My focus in first year was also on the body, the politics of hermaphrodism and the sex/gender debate in relation to a notion of monstrotising the genderqueer and double/no sexed individuals and how it was viewed through Greek Mythology and art and Modern debates, through the study of terratology. In second year, my focus was on expressionist art and the cold war and how gender was viewed through the lens of the dangerous woman or femme fatale or hag-monster. In my fourth and final year I focused on the body and how the body is used to violently classify race, gender and class, and how certain South African Artists have chosen to deal with their own personal struggles with curative rape, and racial classifications through photography and performance, which lead to debates around the relevance of feminism today.

The body is of large concern to me, as is gender, sex, and as a pagan how they affect my practice.  I’m not saying that all pagans should be as passionate about my concerns as I am, but they should at least be aware of some of these debates. Being aware of these debates makes for much less “Feminism is dead”, “Feminists are man haters”, “feminists are (insert stereotype here)”. It also allows us to be more aware of what the debates are surrounding Wicca, and Dianic Wicca.

I am a firm believer that any form of gender discrimination which includes transphobia and such is wrong, on all levels. Z Budapest the founder of Dianic Wicca, was operating in a very much second wave feminist environment. She firmly believes in the woman born rubbish and that has been a strong undercurrent in much of Dianic Wicca to date.

Un/fortunately I can see both sides of the argument. On one of the Tyra Banks episodes I think it was “gay for pay” (A highly hypocritical episode), one of the gay men, stated that they felt that straight men have no business in a gay club, as it was safe place for gay men to interact. The same is true for certain drag shows, although as with Butler I believe “all gender is drag”. The same can then be true for these Dianic circles. They are not meant to discriminate against trans women, but to keep a safe place for certain types of women. On the other hand I fully support LGBT, and therefore being refused entry into a public ritual or group because one is Trans sounds a lot like being not allowed to participate in annual Gay Pride Parades because one identifies as heterosexual.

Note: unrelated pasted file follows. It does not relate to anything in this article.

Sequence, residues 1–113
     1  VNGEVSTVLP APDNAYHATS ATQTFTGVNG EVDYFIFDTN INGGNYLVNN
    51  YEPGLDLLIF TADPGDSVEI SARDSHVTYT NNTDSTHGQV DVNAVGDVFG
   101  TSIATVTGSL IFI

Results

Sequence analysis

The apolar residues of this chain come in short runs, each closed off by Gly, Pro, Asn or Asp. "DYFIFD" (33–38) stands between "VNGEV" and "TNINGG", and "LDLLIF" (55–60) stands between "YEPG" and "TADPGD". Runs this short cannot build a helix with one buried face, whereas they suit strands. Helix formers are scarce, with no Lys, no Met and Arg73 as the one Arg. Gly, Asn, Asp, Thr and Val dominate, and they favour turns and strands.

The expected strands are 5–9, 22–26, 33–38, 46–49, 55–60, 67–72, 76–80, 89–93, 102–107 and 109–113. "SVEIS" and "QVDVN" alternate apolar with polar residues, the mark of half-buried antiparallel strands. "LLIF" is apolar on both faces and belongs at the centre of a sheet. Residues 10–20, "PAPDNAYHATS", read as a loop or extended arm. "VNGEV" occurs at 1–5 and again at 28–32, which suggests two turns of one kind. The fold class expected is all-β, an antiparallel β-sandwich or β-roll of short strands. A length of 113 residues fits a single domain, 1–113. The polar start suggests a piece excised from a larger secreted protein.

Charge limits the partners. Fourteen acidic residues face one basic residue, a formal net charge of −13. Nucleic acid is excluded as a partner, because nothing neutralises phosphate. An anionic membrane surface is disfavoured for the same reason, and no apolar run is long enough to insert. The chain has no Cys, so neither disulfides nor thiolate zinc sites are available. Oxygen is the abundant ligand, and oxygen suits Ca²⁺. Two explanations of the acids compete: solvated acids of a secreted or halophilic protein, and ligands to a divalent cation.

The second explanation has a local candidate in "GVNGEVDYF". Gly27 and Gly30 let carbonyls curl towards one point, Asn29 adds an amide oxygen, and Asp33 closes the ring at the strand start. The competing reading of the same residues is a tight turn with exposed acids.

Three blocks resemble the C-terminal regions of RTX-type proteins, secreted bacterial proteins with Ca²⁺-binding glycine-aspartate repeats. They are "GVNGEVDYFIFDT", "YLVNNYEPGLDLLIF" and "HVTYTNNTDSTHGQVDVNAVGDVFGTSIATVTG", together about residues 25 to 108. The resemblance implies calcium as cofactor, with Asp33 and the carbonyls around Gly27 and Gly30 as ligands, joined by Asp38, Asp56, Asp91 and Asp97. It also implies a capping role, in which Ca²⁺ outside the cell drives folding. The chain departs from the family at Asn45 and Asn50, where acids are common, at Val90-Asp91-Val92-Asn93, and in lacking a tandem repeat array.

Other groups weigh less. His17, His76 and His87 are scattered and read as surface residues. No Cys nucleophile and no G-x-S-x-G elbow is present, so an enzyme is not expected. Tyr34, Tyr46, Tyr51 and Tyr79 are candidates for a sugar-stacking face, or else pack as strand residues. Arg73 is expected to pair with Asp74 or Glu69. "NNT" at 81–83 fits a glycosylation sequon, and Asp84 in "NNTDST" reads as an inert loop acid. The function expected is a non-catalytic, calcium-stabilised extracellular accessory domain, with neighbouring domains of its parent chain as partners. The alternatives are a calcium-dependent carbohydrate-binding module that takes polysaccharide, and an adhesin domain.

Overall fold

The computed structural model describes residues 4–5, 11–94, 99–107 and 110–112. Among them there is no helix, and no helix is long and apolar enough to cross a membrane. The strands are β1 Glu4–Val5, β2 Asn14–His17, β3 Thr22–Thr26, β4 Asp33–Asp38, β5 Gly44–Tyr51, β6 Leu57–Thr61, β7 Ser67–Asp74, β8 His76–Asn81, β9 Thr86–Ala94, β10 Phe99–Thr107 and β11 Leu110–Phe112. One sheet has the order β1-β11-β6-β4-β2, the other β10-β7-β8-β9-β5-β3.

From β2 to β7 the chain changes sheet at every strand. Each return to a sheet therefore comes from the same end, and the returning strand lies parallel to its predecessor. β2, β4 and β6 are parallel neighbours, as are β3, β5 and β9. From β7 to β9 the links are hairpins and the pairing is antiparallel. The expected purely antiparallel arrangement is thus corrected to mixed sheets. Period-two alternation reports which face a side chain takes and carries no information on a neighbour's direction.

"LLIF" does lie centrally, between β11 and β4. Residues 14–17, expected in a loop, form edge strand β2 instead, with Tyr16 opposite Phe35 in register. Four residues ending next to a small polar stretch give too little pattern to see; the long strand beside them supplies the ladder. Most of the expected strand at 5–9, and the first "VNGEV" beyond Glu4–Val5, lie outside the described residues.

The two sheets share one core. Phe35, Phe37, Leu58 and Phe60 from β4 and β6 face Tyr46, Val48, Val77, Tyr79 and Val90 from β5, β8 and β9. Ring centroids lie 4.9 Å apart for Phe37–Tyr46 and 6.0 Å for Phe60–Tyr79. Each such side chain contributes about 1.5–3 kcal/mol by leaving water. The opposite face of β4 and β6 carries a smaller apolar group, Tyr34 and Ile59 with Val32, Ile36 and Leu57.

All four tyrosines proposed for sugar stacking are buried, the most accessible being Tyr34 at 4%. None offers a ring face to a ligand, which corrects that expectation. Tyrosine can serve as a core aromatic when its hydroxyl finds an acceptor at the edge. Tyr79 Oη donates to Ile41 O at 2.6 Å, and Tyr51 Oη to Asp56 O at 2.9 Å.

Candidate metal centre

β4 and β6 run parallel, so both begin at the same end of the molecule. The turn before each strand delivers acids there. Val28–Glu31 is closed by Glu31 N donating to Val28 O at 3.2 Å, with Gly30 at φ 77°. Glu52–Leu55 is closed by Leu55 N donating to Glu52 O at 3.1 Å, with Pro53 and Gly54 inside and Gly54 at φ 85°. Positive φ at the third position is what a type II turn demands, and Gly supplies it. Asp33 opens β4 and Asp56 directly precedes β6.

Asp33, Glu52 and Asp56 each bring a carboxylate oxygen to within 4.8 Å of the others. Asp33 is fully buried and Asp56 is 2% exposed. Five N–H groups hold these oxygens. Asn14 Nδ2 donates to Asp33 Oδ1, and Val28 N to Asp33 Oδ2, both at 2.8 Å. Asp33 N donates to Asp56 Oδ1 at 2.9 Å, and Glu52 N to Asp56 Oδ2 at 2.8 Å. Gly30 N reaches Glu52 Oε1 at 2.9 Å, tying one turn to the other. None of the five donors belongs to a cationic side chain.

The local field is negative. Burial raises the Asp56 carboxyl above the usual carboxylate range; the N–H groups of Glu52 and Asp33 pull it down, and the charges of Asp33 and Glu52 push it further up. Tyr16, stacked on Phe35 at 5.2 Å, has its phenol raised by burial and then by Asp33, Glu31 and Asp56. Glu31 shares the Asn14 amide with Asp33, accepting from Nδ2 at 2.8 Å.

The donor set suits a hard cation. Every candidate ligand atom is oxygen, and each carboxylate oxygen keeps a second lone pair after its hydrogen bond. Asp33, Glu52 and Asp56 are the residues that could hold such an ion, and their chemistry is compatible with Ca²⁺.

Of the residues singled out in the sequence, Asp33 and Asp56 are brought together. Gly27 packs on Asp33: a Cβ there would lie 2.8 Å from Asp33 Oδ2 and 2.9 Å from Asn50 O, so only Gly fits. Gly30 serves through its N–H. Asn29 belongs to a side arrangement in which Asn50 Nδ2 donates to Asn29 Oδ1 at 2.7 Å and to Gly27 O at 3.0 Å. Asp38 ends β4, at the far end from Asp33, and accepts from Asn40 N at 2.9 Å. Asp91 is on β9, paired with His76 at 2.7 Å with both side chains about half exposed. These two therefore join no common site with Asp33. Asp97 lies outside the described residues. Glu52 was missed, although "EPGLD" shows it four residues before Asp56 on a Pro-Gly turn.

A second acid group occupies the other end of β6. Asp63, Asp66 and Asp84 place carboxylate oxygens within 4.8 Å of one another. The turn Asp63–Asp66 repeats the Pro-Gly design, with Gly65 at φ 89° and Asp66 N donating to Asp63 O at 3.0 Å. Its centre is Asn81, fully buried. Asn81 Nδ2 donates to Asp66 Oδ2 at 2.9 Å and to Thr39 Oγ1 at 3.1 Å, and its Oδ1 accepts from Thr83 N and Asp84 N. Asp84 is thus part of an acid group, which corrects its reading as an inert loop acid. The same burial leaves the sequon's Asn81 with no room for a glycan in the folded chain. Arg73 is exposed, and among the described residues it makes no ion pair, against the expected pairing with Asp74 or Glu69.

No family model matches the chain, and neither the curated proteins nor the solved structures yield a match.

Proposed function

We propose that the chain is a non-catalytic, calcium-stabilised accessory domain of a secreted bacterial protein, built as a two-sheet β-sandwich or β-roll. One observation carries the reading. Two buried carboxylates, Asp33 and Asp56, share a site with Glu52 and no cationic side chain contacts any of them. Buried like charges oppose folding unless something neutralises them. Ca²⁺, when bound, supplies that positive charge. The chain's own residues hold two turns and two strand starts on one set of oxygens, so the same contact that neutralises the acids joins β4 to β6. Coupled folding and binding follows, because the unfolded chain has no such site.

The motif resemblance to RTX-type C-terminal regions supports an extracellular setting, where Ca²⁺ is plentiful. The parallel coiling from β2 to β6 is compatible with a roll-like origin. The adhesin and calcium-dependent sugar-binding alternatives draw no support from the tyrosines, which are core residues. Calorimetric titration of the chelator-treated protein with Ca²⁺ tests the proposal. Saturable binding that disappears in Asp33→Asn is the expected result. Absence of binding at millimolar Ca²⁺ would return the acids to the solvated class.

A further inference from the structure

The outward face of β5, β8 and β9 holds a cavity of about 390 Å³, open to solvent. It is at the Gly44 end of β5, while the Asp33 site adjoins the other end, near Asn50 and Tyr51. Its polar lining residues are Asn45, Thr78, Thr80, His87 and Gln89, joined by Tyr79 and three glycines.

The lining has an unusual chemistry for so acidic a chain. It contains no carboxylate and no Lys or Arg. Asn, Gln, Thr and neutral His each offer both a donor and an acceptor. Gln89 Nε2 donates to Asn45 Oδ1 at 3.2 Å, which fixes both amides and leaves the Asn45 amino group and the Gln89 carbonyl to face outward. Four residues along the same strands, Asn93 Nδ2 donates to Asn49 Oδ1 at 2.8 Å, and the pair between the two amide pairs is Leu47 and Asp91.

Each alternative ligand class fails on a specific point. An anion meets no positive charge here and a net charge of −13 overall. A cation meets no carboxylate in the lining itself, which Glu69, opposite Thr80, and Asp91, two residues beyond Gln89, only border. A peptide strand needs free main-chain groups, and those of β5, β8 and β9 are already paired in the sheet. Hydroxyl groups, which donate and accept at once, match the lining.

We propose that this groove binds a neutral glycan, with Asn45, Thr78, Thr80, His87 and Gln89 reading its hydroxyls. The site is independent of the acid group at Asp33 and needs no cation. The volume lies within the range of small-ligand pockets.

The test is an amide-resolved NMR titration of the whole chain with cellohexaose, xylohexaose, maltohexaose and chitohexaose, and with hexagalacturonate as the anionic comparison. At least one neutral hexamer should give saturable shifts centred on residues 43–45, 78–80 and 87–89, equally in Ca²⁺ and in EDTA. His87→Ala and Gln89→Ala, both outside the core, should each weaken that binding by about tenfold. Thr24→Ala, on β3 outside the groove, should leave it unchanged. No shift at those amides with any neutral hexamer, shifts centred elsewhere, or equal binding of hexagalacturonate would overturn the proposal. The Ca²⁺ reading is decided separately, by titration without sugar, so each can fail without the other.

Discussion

The point is to be an active participant in these debates and/or be aware of the developments in these debates rather than blocking your ears and humming away because you refuse to understand, learn, read and critically look at these debates. Do I think Trans women should be denied access to a Dianic Circle? No, but I’m not a Dianic, and I don’t believe in being born a woman because woman is nothing more than a social construct. We are born people, and sometimes our bodies cause us so much distress because they may not reflect us that we choose to change them and that is our right, how is plastic surgery for a boob job or horns ok, but not surgery to change sex?*

I also often hear pagans say “be happy with what you have, don’t dress outrageously, don’t wear lots of makeup, keep your sex, etc.” I think these pagans are living in a sad, sad bubble and talking about things that do not affect them on a personal level at all, rather they perpetuate the fact of biology, and that gender, identity and our own perceptions of beauty are unchangeable, and therefore anyone who chooses to deviate from jeans and t-shirt, no makeup, and one gender identity are deviant attention-whores.